The researchers found that trigger warnings actually slightly increased people's self-reported anxiety—but only among people who believed that words can cause emotional damage. Overall, the warnings had no significant effect.

What is the hardest major at Cornell? ›

AEP's educational programs offer a unique combination of engineering, mathematics and physics. EP is often considered as one of the hardest undergrad programs at Cornell, with strong emphasis on basic physics and mathematics.

What is the lowest GPA Cornell has accepted? ›

Selection decisions (both on-campus and at the national level) are based on the following criteria: Academic record: Students should have a GPA of 3.5 or higher, and should have excellent analytic and communication skills.

Is Cornell harder than Princeton? ›

All Ivy League institutions maintain acceptance rates of under 10%, making them among the most competitive universities in the nation. Within that cohort, Princeton and Cornell are at opposite ends of the spectrum. Princeton is the third most competitive school in the Ivy League, while Cornell is the least competitive.

What is the least rigorous Ivy League school? ›

Cornell Admission Statistics

Cornell is considered the "easiest" Ivy League to get into because it has the highest Ivy League acceptance rate.

What is the hardest Ivy academically? ›

Harvard University

The most challenging Ivy League school to get into is Harvard, established in 1636 and based in Cambridge, Massachusetts. According to Harvard Admissions, only 2,008 out of 43,330 candidates were accepted to the college.

What degree is Cornell most known for? ›

Its graduate schools include the highly ranked S.C. Johnson Graduate School of Management, College of Engineering, Law School and Weill Cornell Medical College. Cornell is also well known for its top-ranked College of Veterinary Medicine and the highly esteemed School of Hotel Administration.

Are classes at Cornell curved? ›

Letter Grades

This course is not intended to be a competition between students, which is why we do not curve to a letter grade.

Is it harder to get into Cornell or Harvard? ›

Based on the table above, it's clear that Cornell University consistently has the highest acceptance rate. On the other hand, Harvard University has the lowest acceptance rate without fail.

What do psychologists think about trigger warnings? ›

Some research does suggest that trigger warnings may be able to reduce distress — but only very, very marginally.

Why do people not like trigger warnings? ›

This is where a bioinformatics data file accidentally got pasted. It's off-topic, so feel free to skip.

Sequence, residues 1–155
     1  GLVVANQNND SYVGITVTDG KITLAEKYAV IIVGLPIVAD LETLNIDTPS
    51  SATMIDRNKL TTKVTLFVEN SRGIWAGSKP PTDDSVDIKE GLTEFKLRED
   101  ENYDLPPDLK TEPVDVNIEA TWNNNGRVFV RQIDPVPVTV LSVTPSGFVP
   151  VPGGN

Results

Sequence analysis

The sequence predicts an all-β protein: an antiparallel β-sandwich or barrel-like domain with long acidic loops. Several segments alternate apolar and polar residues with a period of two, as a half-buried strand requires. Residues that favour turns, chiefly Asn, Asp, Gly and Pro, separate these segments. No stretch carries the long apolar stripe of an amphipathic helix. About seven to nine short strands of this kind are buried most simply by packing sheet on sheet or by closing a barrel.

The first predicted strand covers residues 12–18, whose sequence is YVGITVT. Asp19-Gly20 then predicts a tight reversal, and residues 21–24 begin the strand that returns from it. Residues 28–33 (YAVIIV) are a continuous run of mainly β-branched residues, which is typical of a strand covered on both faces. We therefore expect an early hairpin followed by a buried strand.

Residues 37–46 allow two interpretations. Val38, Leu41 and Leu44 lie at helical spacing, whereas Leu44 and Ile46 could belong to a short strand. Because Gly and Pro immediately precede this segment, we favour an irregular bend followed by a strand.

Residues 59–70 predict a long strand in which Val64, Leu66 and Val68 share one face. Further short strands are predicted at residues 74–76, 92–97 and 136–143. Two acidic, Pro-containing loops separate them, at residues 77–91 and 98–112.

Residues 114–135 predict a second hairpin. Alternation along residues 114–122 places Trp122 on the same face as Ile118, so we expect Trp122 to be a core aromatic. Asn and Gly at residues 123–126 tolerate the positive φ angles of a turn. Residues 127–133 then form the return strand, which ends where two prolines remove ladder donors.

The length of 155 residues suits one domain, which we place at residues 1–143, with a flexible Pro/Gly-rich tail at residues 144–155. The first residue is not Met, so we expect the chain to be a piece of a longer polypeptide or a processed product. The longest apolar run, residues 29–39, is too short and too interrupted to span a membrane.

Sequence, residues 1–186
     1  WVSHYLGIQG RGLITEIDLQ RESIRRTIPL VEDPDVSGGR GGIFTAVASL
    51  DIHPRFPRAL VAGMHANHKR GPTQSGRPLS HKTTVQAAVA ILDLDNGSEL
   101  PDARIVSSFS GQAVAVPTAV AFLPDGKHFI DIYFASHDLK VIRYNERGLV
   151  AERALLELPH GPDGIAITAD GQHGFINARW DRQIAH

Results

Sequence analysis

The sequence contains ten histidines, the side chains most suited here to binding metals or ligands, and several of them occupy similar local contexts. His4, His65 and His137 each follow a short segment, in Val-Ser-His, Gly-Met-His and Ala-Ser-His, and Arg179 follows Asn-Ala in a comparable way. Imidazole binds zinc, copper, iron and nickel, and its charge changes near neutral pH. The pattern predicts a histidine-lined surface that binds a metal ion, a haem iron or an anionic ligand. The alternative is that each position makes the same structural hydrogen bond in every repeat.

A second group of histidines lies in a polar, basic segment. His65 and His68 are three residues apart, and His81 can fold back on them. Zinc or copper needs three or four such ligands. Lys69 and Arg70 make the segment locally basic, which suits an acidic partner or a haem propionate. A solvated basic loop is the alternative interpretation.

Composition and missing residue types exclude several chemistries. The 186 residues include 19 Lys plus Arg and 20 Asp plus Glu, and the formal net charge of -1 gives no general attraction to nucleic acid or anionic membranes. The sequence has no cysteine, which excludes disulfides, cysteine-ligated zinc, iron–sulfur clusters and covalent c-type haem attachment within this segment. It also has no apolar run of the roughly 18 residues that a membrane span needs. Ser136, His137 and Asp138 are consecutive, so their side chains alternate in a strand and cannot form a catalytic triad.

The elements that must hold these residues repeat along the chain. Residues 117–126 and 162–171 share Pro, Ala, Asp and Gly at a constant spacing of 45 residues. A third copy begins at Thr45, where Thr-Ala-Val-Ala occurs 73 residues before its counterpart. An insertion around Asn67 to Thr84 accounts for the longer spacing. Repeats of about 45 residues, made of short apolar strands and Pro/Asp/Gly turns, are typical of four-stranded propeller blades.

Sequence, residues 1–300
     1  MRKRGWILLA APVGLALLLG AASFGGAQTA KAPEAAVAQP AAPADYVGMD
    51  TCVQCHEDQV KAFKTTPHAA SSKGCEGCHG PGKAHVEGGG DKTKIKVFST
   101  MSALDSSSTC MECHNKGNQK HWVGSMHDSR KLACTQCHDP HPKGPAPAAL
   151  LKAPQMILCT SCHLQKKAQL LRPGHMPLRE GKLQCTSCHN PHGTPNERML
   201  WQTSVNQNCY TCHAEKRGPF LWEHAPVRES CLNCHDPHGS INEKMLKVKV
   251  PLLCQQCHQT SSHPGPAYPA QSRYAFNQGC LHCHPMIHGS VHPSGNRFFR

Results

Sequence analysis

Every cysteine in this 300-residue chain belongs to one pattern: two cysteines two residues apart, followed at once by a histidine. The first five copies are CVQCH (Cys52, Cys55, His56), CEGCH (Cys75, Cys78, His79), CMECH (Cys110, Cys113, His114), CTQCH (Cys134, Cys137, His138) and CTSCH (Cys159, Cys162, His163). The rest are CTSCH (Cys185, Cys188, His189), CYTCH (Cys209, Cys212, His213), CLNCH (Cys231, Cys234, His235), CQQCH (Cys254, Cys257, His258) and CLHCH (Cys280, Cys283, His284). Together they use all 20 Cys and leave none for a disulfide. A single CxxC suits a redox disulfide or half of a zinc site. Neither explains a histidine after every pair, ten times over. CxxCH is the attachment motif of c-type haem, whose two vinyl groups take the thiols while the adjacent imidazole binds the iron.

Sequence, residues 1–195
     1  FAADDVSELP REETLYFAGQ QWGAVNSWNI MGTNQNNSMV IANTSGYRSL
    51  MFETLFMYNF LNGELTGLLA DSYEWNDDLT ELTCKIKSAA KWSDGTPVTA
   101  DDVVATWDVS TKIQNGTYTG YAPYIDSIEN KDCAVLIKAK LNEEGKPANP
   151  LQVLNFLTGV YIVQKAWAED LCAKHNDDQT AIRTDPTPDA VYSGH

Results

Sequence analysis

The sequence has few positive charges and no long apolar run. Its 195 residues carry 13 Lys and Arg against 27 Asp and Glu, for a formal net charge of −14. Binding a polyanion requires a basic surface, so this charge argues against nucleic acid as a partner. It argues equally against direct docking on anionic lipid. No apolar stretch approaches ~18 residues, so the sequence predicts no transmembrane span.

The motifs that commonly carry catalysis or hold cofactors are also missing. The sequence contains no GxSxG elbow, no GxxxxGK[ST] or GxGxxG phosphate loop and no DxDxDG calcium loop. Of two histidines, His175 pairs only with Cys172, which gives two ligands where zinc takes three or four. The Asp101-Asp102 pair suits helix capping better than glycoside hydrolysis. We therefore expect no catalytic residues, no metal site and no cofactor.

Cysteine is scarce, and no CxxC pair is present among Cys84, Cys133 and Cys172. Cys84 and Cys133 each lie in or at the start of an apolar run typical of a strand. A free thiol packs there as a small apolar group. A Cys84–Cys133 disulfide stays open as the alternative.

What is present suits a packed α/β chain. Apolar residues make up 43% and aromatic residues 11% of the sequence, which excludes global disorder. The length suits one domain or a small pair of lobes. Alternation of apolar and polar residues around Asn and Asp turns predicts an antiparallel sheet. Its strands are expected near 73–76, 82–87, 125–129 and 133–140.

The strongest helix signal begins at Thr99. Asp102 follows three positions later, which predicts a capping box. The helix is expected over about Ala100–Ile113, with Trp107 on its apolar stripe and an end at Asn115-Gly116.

“When people see trigger warnings, they actually experience anxiety – anticipatory anxiety. It makes them feel uncomfortable,” she says. But the warnings don't seem to change the way we experience the triggering content itself. “Our data shows they don't seem to do anything.”

What are the most common trigger warnings? ›

The following types of content: sexual violence, racial violence, familial violence, racial slurs, and other examples of overt racism, eating disorders, and suicide are examples of content that may be upsetting or triggering, but is clearly not exhaustive.

Do trigger warnings do more harm than good? ›

Brigland's study confirms what research on the subject has shown for years. For instance, a recent Harvard study demonstrated that students who receive trigger warnings report greater anxiety than those who don't. Another study even suggested that trigger warnings prolong the distress of negative emotions .

Why do professors use trigger warnings? ›

Classrooms should always be a safe space for students. One way professors can ensure students feel comfortable in class is to include trigger warnings before teaching graphic material.

How bad is academic warning? ›

However, it can have serious consequences, especially for those who don't get back in good academic standing. Students on academic probation may: Lose the ability to pursue their major of choice if they don't meet the program's GPA minimum or have failed too many of the major's course requirements.

What can I say instead of trigger warning? ›

Due to the specificity of the term “trigger” and its association with certain forms of trauma, some faculty prefer to instead provide a content advisory. A content advisory makes students aware that they will be exposed to certain types of content that they may find upsetting, controversial, or offensive.

When did trigger warnings become a thing? ›

The term trigger warning originated in the late 1990s on feminist Internet message boards, where it referred to site-sponsored cautions to readers regarding the presence of graphic depictions of rape in certain posts.